University of Minnesota Twin Cities researchers have developed a groundbreaking new diagnostic technique that will allow for faster and more accurate detection of neurodegenerative diseases that affect humans, such as Alzheimer’s and Parkinson’s, and similar diseases that affect animals, such as chronic wasting disease (CWD) and mad cow disease.
CREDIT: Sang-Hyun Oh Research Group, University of Minnesota
Researchers’ groundbreaking new diagnostic technique will allow for faster and more accurate disease detection
University of Minnesota Twin Cities researchers have developed a groundbreaking new diagnostic technique that will allow for faster and more accurate detection of neurodegenerative diseases. The method will likely open a door for earlier treatment and mitigation of various diseases that affect humans, such as Alzheimer’s and Parkinson’s, and similar diseases that affect animals, such as chronic wasting disease (CWD).
Their new study is published in Nano Letters, a premier journal in the field of nanotechnology published by the American Chemical Society.
“This paper mainly focuses on chronic wasting disease in deer, but ultimately our goal is to expand the technology for a broad spectrum of neurodegenerative diseases, Alzheimer’s and Parkinson’s being the two main targets,” said Sang-Hyun Oh, senior co-author of the paper and a Distinguished McKnight University Professor in the University of Minnesota Department of Electrical and Computer Engineering. “Our vision is to develop ultra-sensitive, powerful diagnostic techniques for a variety of neurodegenerative diseases so that we can detect biomarkers early on, perhaps allowing more time for the deployment of therapeutic agents that can slow down the disease progression. We want to help improve the lives of millions of people affected by neurodegenerative diseases.”
Neurodegenerative diseases such as Alzheimer’s, Parkinson’s, mad cow disease, and CWD (widely found in deer) share a common feature—the buildup of misfolded proteins in the central nervous system. Detecting these misfolded proteins is crucial for understanding and diagnosing these devastating disorders. However, existing diagnostic methods, like enzyme-linked immunosorbent assay and immunohistochemistry, can be expensive, time-consuming, and limiting in terms of antibody specificity.
The University of Minnesota researchers’ method, dubbed Nano-QuIC (Nanoparticle-enhanced Quaking-Induced Conversion), significantly improves the performance of advanced protein-misfolding detection methods, such as the NIH Rocky Mountain Laboratories’ Real-Time Quaking-Induced Conversion (RT-QuIC) assay.
The RT-QuIC method involves shaking a mixture of normal proteins with a small amount of misfolded protein, triggering a chain reaction that causes the proteins to multiply and allowing for the detection of these irregular proteins. Using tissue samples from deer, the University of Minnesota team demonstrated that adding 50-nanometer silica nanoparticles to RT-QuIC experiments dramatically reduces detection times from about 14 hours to only four hours and increases the sensitivity by a factor of 10.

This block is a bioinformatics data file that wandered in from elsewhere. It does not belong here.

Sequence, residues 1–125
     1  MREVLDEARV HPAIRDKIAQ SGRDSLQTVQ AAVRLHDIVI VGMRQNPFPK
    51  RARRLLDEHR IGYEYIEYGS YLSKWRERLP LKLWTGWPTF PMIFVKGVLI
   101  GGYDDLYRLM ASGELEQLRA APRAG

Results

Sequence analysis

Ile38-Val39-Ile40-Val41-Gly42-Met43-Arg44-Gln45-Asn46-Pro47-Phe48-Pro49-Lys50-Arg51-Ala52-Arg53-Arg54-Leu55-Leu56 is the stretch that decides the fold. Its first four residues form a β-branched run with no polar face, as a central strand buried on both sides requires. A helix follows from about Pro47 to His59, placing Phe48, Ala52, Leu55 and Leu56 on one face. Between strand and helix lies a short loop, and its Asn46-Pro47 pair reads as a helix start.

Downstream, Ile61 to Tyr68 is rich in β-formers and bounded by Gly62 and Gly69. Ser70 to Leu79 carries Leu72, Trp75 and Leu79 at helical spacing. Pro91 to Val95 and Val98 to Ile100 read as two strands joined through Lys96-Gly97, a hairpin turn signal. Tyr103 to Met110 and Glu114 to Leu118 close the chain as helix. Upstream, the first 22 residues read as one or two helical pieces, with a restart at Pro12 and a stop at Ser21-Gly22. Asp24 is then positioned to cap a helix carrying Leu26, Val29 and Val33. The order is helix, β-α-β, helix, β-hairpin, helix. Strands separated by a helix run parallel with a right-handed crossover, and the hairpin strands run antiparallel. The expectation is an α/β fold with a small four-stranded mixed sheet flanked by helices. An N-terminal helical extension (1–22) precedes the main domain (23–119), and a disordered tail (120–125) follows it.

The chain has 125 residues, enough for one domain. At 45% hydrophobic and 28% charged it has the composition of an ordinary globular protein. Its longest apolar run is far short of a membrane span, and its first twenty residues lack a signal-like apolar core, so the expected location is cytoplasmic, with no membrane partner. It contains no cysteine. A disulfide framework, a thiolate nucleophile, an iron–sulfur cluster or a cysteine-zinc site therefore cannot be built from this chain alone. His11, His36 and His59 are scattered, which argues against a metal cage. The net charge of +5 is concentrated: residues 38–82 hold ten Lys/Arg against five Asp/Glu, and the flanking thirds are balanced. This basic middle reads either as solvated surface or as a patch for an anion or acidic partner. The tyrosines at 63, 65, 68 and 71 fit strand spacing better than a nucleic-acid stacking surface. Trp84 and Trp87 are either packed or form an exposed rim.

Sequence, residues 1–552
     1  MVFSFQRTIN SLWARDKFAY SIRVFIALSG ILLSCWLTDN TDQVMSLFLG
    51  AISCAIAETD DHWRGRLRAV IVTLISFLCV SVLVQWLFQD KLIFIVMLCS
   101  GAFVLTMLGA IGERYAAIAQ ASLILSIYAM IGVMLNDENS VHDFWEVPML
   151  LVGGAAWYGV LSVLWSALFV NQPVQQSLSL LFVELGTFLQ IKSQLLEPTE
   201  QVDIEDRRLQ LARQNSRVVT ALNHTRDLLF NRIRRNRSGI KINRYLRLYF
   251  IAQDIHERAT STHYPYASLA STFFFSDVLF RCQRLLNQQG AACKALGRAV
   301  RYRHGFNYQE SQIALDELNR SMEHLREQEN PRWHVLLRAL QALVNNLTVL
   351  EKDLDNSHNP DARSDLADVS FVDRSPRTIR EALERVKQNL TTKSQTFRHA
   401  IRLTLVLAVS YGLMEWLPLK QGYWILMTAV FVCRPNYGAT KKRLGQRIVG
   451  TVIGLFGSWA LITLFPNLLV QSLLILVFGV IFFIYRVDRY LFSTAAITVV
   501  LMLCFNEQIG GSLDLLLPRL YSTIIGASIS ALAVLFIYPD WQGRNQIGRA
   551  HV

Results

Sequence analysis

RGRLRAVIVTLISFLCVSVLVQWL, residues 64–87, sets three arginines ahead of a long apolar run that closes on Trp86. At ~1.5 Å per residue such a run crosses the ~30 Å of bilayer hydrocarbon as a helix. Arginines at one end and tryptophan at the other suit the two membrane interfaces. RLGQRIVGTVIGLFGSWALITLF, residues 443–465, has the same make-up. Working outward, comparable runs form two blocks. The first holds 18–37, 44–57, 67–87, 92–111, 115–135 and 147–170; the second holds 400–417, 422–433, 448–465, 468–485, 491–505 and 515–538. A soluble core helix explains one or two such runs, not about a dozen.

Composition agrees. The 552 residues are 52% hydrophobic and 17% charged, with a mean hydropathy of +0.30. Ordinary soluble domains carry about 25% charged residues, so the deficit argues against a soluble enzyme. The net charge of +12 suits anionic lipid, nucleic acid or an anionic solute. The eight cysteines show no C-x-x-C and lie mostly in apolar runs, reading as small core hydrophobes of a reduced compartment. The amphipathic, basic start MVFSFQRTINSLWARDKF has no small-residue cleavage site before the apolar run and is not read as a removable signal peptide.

A typical 14-hour detection cycle means that a lab technician can run only one test per normal working day. However, with a detection time of less than four hours, researchers can now run three or even four tests per day.
Having a quicker and highly accurate detection method is particularly important for understanding and controlling transmission of CWD, a disease that is spreading in deer across North America, Scandinavia, and South Korea. The researchers believe that Nano-QuIC could eventually prove useful for detecting protein-misfolding diseases in humans, specifically Parkinson’s, Creutzfeldt-Jakob Disease, Alzheimer’s, and ALS.
“Testing for these neurodegenerative diseases in both animals and humans has been a major challenge to our society,” said Peter Larsen, senior co-author of the paper and an assistant professor in the University of Minnesota Department of Veterinary and Biomedical Sciences. “What we’re seeing now is this really exciting time when new, next generation diagnostic tests are emerging for these diseases. The impact that our research has is that it’s greatly improving upon those next generation tests, it’s making them more sensitive, and it’s making them more accessible.”
The research was funded by the Minnesota Environment and Natural Resources Trust Fund as recommended by the Legislative-Citizen Commission on Minnesota Resources (LCCMR); the Minnesota Agricultural Experiment Station Rapid Agricultural Response Fund; and the Minnesota Agricultural, Research, Education, Extension and Technology Transfer (AGREETT) program.
“Minnesotans value science and support basic and applied research. As legislators, we have invested Environmental Trust Fund dollars to provide solutions for complex problems like chronic wasting disease,” said Representative Rick Hansen, chair of the Minnesota House Environment and Natural Resources Committee and co-chair of the LCCMR. “I am proud of the work of the LCCMR and the legislature in supporting this research and will continue to advocate for funding to research and prevent future problems affecting our wildlife and ourselves.”
More from: University of Minnesota
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